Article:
Much has been and will be said about the life and legacy of Vaclav Havel. Obviously, I did not know the man personally, but want to share some thoughts about him for those who are not aware of his contributions.
During the ‘80’s I became aware of his writings and began to find out about his life. I was greatly impressed with his ideas on human rights, freedom of religious expression, the free market, and national democratic government. What was so intriguing about that was his ideas were developed while living under the Soviet Communist rule.
In the early 1990’s I had the opportunity to work with some Czech businessmen, getting a first hand look at the state of their economy and business climate. Then, I was in France four years and traveled in the Czech Republic. The business atmosphere was one of enthusiasm and optimism. Although there were elements of assistance from the Central Government, there did not seem to be the “entitlement albatross” hanging around. There was a strong element of entrepreneurism, and a sense of hope for the future of their country.
Some quotes from Havel – the Playwright, the Dissident
“Genuine politics – even politics worthy of the name – the only politics I am willing to devote myself to – is simply a matter of serving those around us: serving the community and serving those who will come after us. Its deepest roots are moral because it is a responsibility expressed through action, to and for the whole.”
“The salvation of this human world lies nowhere else than in the human heart, in the human power to reflect, in human meekness and human responsibility.”
“A state that denies its citizens their basic rights becomes a danger to its neighbors as well: internal arbitrary rule will be reflected in arbitrary external relations. The suppression of public opinion, the abolition of public competition for power and its public exercise opens the way for the state power to arm itself in any way it sees fit. A state that does not hesitate to lie to its own people will not hesitate to lie to other states.”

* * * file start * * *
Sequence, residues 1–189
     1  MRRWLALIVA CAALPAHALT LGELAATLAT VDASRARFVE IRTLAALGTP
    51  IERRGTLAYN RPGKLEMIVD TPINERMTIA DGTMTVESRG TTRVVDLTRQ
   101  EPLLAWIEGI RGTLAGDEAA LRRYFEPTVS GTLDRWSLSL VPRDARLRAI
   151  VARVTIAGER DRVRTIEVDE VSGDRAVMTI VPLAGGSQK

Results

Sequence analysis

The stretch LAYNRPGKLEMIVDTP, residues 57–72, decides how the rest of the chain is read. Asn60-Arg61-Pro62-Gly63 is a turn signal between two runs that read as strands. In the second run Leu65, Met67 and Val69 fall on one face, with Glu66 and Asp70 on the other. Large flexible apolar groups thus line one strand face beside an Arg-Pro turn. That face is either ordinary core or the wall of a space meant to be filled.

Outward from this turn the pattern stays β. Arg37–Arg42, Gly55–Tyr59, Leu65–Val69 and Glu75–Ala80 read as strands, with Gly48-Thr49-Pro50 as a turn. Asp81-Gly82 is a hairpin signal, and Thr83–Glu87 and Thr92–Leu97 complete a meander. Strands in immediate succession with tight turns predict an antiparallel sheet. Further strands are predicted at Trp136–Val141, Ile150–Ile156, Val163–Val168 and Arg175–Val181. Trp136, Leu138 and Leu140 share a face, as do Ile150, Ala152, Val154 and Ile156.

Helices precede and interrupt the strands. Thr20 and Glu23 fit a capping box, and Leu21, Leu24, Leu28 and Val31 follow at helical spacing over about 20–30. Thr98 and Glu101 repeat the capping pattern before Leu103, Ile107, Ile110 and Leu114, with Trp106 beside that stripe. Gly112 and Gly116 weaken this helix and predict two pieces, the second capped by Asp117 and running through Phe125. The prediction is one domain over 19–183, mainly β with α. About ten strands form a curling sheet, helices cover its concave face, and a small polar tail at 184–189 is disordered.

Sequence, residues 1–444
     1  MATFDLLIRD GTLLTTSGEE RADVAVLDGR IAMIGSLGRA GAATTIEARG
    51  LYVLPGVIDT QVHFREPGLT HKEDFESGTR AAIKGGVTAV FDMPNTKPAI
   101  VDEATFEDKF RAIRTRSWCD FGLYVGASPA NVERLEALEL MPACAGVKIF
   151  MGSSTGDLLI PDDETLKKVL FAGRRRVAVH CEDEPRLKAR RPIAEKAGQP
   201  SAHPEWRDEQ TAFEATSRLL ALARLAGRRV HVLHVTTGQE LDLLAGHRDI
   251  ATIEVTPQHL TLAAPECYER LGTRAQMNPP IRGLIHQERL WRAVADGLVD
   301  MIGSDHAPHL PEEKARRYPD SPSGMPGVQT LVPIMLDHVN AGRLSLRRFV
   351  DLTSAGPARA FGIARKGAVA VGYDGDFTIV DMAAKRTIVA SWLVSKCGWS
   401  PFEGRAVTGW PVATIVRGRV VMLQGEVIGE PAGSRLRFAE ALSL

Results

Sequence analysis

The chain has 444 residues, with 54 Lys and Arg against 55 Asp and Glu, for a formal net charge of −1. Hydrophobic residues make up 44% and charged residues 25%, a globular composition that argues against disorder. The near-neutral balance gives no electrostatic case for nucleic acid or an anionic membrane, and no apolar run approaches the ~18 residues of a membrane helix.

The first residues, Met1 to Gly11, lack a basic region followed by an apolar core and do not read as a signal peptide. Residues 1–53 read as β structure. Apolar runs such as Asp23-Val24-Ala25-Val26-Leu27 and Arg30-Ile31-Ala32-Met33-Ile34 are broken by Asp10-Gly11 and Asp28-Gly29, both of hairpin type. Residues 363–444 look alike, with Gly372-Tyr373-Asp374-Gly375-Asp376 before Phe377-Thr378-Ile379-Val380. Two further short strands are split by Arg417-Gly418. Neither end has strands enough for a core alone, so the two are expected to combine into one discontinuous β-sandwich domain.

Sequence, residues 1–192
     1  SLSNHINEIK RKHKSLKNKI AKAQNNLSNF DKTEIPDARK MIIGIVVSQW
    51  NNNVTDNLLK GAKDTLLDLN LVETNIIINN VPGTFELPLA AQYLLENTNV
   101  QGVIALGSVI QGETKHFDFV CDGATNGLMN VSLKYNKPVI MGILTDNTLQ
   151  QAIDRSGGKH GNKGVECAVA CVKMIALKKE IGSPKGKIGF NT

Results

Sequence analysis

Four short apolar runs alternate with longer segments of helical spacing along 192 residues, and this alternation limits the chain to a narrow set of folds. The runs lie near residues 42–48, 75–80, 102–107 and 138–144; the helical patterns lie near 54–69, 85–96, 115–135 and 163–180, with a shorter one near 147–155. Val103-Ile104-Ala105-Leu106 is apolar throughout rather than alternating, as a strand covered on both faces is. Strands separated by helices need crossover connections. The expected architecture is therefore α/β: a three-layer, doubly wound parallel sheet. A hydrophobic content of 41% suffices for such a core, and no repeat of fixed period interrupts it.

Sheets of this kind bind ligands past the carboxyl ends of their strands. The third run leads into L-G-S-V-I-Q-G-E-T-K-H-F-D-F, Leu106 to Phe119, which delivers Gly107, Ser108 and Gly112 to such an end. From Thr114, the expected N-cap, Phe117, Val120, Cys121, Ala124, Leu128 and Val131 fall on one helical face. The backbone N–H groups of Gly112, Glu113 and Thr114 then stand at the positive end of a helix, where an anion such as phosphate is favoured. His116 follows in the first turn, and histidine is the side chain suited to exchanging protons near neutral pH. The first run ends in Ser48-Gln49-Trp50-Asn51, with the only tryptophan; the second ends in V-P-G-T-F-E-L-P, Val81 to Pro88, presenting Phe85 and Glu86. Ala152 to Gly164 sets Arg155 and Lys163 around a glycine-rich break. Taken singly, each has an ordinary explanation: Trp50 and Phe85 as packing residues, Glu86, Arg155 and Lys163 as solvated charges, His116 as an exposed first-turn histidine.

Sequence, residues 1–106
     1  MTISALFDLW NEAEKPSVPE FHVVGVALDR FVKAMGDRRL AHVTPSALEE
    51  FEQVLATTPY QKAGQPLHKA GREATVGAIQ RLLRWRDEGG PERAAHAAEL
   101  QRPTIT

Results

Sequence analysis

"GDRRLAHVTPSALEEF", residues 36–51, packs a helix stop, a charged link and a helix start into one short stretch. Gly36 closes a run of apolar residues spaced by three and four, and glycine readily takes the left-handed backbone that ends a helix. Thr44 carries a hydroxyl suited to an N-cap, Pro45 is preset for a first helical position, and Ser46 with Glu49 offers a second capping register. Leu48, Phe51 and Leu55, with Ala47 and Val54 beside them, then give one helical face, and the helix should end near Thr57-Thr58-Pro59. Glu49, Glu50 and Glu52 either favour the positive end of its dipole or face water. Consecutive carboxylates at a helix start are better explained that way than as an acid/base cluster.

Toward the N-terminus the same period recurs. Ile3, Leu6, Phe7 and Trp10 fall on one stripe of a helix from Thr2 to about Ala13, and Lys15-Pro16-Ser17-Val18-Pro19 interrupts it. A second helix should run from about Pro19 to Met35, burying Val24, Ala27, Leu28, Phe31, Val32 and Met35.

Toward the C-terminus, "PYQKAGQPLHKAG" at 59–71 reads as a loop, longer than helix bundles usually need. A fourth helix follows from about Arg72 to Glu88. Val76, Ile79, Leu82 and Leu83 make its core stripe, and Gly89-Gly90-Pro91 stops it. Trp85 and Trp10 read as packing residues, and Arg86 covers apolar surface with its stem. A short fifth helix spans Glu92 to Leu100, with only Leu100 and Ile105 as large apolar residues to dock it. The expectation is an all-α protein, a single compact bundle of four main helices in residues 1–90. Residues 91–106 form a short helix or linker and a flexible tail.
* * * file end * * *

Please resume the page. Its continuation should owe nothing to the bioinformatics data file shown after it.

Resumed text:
“We have become morally ill because we have become accustomed to saying one thing and doing another. We have learned not to believe in anything. Not to care about one another and only to look after ourselves. Notions such as love, friendship, compassion, humility and forgiveness have lost their depth dimension.”
Notes from Jan Culik of Scotland (1989)
“In 1979,Havel was sentenced to four and a half years’ imprisonment for his association with VONS, the Committee for the Defence of the Unjustly Prosecuted. Before his trial, he was given leave to emigrate. He declined. Three and a half years later, in danger of his life, he was released from prison as a direct result of international pressure. Throughout the seventies and eighties, Havel wrote a number of essays, political articles and open letters, showing himself to be a man of profound insight and sensitivity.
“Arguably the most important essay in this volume is “The Power of the Powerless”, written in 1978. Here Havel presents a thought-provoking analysis of a typical East European regime prior to Gorbachev’s revolution. He argues that the pre-Gorbachevian East European states were in no way similar to traditional dictatorships. They usurped all means of production and employment, thus wielding absolute control over their citizens. There was no sharp dividing line between rulers and subjugated. In order to be left in peace, every citizen was required to perform certain political rituals.
“Havelwas a supporter of “antipolitical politics”, believing the only remedy for the world’s ills to be a re-introduction of the ethical and moral norms as the guiding principles in people’s lives. He does not regard the Western party political system as an ideal model. Personally, he would prefer an arrangement whereby politicians would be elected into positions of power on individual merit, rather than members of political parties, thus being fully accountable for all their actions.”
Havel was not (apparently) a Christian. However, he studied his Bible and admitted to an affinity for the “Christian sentiment.”
Havel had a huge impact on the fall of the Soviet Union. He was unafraid of the state’s power to muzzle his voice, willing to suffer prison rather than contradict his character and beliefs.
A man – a dissident – willing to live his convictions in the face of a totalitarian regime, stay the course, and see its fall.